Lockhart last competed as a middleweight and is listed on Sherdog as a light heavyweight. The cut is a concern, but the fact that he is a diet guru does help mediate that concern.
South is another name that won’t be familiar to many fans. He has really only competed in regional events. However, he has faced great regional competition. Since the start of 2011, he has had three fights and his opponents’ records going into the fights were 10-9, 17-9 and 9-0. He does hold a victory over castmate Tim Ruberg in his last fight. South has finished every fight—seven submission victories and one knockout. He is strong, relentless and aggressive. South reminds me a lot of Matt Brown in his serious work ethic and intensity. He holds a purple belt in BJJ and has won several BJJ tournaments.
Like many of the competitors this season, he normally competes at middleweight and will need to cut down.
Rivera may have a small number of fights for his age, but that is because he is the owner of Apex MMA and has been busy training others. Now, he wants to step up and see how he does. He has finished all seven of his fights—five submissions and two KO’s with six first-round stoppages. He holds a victory over longtime MMA veteran Shannon Ritch and his first career loss came in his last fight. He is quick and athletic.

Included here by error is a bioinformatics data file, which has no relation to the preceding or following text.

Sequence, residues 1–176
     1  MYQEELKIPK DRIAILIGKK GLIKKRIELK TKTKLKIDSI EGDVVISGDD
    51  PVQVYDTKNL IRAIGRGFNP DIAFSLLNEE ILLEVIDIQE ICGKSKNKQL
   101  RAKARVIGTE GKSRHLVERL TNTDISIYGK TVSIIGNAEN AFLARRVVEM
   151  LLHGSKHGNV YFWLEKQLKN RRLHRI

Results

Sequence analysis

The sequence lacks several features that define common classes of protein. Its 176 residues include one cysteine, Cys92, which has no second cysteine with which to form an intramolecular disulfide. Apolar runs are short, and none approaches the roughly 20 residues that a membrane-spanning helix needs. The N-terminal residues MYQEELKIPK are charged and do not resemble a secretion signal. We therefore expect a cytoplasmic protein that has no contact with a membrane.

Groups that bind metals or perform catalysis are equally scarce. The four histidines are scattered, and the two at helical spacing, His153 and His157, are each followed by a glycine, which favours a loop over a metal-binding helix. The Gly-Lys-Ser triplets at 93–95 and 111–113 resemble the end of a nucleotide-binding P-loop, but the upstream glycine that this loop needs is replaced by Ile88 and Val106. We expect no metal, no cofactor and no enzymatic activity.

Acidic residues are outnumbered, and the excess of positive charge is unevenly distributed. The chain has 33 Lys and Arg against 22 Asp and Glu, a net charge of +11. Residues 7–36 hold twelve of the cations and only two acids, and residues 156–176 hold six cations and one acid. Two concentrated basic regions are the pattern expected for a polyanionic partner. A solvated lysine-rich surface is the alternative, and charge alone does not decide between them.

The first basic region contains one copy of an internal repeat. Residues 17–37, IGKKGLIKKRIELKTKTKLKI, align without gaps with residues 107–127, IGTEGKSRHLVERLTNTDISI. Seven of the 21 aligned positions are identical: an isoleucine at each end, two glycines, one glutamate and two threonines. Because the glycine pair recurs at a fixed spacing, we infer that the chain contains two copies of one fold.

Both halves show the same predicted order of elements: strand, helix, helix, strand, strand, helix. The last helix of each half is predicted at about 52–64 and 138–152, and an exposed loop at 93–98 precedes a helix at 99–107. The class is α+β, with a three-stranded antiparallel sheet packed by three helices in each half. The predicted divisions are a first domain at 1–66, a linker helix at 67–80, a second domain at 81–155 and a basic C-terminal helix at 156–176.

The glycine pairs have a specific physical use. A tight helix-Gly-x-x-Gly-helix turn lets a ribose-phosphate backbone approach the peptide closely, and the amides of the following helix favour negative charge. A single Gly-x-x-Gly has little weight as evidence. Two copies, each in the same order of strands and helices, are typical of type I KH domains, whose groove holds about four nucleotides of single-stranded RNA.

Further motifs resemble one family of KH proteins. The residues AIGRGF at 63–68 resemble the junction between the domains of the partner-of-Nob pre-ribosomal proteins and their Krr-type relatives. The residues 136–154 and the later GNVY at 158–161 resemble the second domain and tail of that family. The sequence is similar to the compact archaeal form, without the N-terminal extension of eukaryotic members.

Rivera will be one of the oldest fighters on the show and has relatively few fights. The concern of wearing down and lack of experience are real, but I think Rivera can tough it out.
Kamaka is definitely a sleeper in this competition. He is young and relatively inexperienced. However, he reminds me a little bit of Kendall Grove and Amir Sadollah. He is tough, aggressive, and gets better every time out. Like those two other TUF champions, he has an amazing work ethic and learns quickly. If he can make it into the house, he is the type of fighter who could be a completely different and much better fighter by the time he gets out. Currently, he has finished three of his four fights.
Ellis is the most experienced fighter in this year’s field with 33 fights under his belt. The Strikeforce veteran has faced solid competition throughout his career including: Chris Wilson, Ryan Healy, Spencer Fisher, Ryan Schultz and a host of other names many fans would recognize. He is well-rounded with seven knockout victories and seven victories by submission. Ellis is currently on a six-fight winning streak.